My wife and I are thinking about moving to another state so we can invest in real estate more easily. We want to buy a duplex, live in one half and rent the other. In order to get a loan to do this (since I am self employed) we may need to go with a private lender as opposed to a conventional mortgage, so we would need a larger down payment. The money we will get from the sale of our house will cover most if not all of this money needed, but we were concerned with not having any other money to invest after purchasing the first duplex. My wife has a pension where she works and we were wondering if we could put that into a self directed IRA and use it to invest in real estate, and if so how would that work. Any info would be greatly appreciated. Thank you, Nick
Your wife's pension could be rolled over to a self directed IRA or Solo 401k to invest in real estate. Any such investing has to be done entirely at arm's length and purely for the benefit of the retirement plan, so you could not use this for your own property or to generate income for yourselves - other than taxable distributions from the IRA after age 59 1/2.
There is a lot of good information here on BP about the general concept of these plans. The establishment and use of a self directed retirement plan can take many different forms depending on your situation and goals, so speaking with a professional in the field as well as your tax advisor is the best way to really learn about your options.
Thank you for the question.
You are using the word pension which can mean different things to different people. Is she working at the employer where she holds the pension? If so then you may not be able to use it. that will depend on her employer. If it is an old pension, you would need to find out if it is annuitized or "lump sum-able" (not a real word). Her employer will be able to answer those questions. If she can roll it to an IRA, then she could use it to invest in real estate.
It is probable that if she is still at her employer, she won't be able to use it.
Also if it is in her IRA, it will still be in her IRA, so unless she is 59.5yrs old, she would be penalized for taking money out to live on.
Does this answer your question?
@Brian Eastman and
@Kirk Chisholm , Thank you for your advise, I have another question about this subject. Does a duplex that is both lived in by the owner and also rented out to a tenant get defined as a investment property, and if so does the income become divided if the property is purchased with a portion from the ira and a portion from private funding or personal cash? I other words if the property is purchased for 100k and 50k came from the ira and the rest is financed through a private lender or mortgage company, and say there is a $200 per month positive cash flow, does all of the cash flow need to go back into the ira? Thanks again.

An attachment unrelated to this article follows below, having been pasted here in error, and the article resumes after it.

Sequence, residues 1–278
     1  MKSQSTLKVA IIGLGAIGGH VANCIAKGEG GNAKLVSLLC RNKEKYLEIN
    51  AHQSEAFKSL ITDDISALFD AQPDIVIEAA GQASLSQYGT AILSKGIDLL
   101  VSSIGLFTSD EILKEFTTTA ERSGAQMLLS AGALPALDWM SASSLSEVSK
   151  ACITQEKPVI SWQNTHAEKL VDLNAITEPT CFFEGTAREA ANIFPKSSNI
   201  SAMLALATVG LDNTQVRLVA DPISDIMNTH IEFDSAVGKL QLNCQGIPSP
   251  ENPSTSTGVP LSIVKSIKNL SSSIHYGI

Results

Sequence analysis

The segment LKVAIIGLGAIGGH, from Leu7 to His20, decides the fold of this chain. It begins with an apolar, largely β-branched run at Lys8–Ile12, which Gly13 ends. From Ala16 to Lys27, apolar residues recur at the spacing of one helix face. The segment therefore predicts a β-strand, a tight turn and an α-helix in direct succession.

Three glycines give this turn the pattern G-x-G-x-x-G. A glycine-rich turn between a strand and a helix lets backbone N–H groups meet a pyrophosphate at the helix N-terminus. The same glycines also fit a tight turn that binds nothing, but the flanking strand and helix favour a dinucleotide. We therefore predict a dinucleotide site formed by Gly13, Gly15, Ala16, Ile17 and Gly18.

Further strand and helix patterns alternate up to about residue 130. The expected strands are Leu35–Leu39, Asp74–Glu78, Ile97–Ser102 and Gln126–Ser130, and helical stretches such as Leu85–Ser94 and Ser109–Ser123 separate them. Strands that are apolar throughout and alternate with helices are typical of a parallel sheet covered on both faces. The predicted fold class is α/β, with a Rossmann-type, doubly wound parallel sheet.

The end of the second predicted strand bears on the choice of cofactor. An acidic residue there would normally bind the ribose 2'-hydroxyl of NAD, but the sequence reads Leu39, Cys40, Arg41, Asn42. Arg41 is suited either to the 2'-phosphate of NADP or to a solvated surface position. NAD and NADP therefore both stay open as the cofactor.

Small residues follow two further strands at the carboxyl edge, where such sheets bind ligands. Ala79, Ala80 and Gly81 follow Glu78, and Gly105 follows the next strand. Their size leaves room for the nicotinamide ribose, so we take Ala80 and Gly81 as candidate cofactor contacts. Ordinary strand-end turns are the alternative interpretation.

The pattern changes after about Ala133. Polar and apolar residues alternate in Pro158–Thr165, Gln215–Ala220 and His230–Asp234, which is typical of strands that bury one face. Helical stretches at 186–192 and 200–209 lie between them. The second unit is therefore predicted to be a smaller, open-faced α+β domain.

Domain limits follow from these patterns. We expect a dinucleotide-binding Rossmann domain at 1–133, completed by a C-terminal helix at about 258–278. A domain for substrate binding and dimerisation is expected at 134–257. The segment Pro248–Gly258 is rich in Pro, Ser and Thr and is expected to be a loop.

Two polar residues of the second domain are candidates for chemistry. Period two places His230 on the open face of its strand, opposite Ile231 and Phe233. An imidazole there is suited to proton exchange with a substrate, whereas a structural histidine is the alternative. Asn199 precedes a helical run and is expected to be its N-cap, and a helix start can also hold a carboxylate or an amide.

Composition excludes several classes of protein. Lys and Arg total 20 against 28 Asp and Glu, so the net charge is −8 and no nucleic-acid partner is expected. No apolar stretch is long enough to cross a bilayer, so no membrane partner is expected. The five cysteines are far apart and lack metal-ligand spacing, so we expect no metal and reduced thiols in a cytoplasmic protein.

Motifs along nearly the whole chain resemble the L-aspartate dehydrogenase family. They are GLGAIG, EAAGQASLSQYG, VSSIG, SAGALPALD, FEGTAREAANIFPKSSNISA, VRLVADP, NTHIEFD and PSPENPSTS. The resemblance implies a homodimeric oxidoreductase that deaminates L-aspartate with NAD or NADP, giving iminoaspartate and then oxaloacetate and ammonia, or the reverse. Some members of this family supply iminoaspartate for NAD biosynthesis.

This would depend on how the property is deeded/divided. Some Duplexes are considered one property (one home with a rental unit). It's taxed as a single building. In this case, if you and your wife are living on one side, your wife's IRA $ would not be able to be involved in the purchase. That would be self-dealing. If the property is divided, with each half of the duplex deeded as a separate property, like a condex, taxed separately, separate tax lots, etc, then your wife's IRA MAY be able to be involved in the purchase of that half of the building. All expenses for that half of the condex would come from her IRA, all income would flow to the IRA. However, there are many things to be aware of with this type of situation: If your wife's IRA owns the other half of the duplex, you will not be able to do any maintenance, nor use that part of the yard for your own personal use, and so forth. If there are any shared utilities or other items (example, a shared driveway, lawn, septic tank or well that needs maintenance, plowing or other upkeep), this creates another set of issues that could be perceived as self-dealing. To avoid prohibited transactions entirely, it's probably best to look for a completely separate rental property that you and your wife will not have any personal involvement in.
@Doreen Chaisson Thank you very much for your reply, this is very informative and has answered most if not all of my questions. Thanks again Doreen, by the way, my wife's name is Dorene too!
It seems that Doreen summed things up pretty well. The bottom line is that even with separate title on the units, such an arrangement would come with risk to the IRA.
Self directed IRA's are great tools for diversifying your retirement savings into real estate and being able to invest in what you know, but there are very strict guidelines to ensure that the entire focus of the activity is purely for the benefit of growing that tax-sheltered retirement savings.
Thanks again to all
If you decide not to use any part of the duplex for personal use and still do not have enough funds to purchase the duplex, you can also consider investing in the duplex using personal and IRA or solo 401k funds under a tenancy-in-common (TIC) purchase. This way you and your IRA or solo 401k would co-own the duplex. The rental income and expenses would be divided based on each owners percentage of ownership.
while it can be possible to pull your personal funds with the funds of an IRA in a joint investments under certain circumstances it is very easy to commit a prohibited transaction with this arrangement. I suggest keep things simple and look for alternative investment options.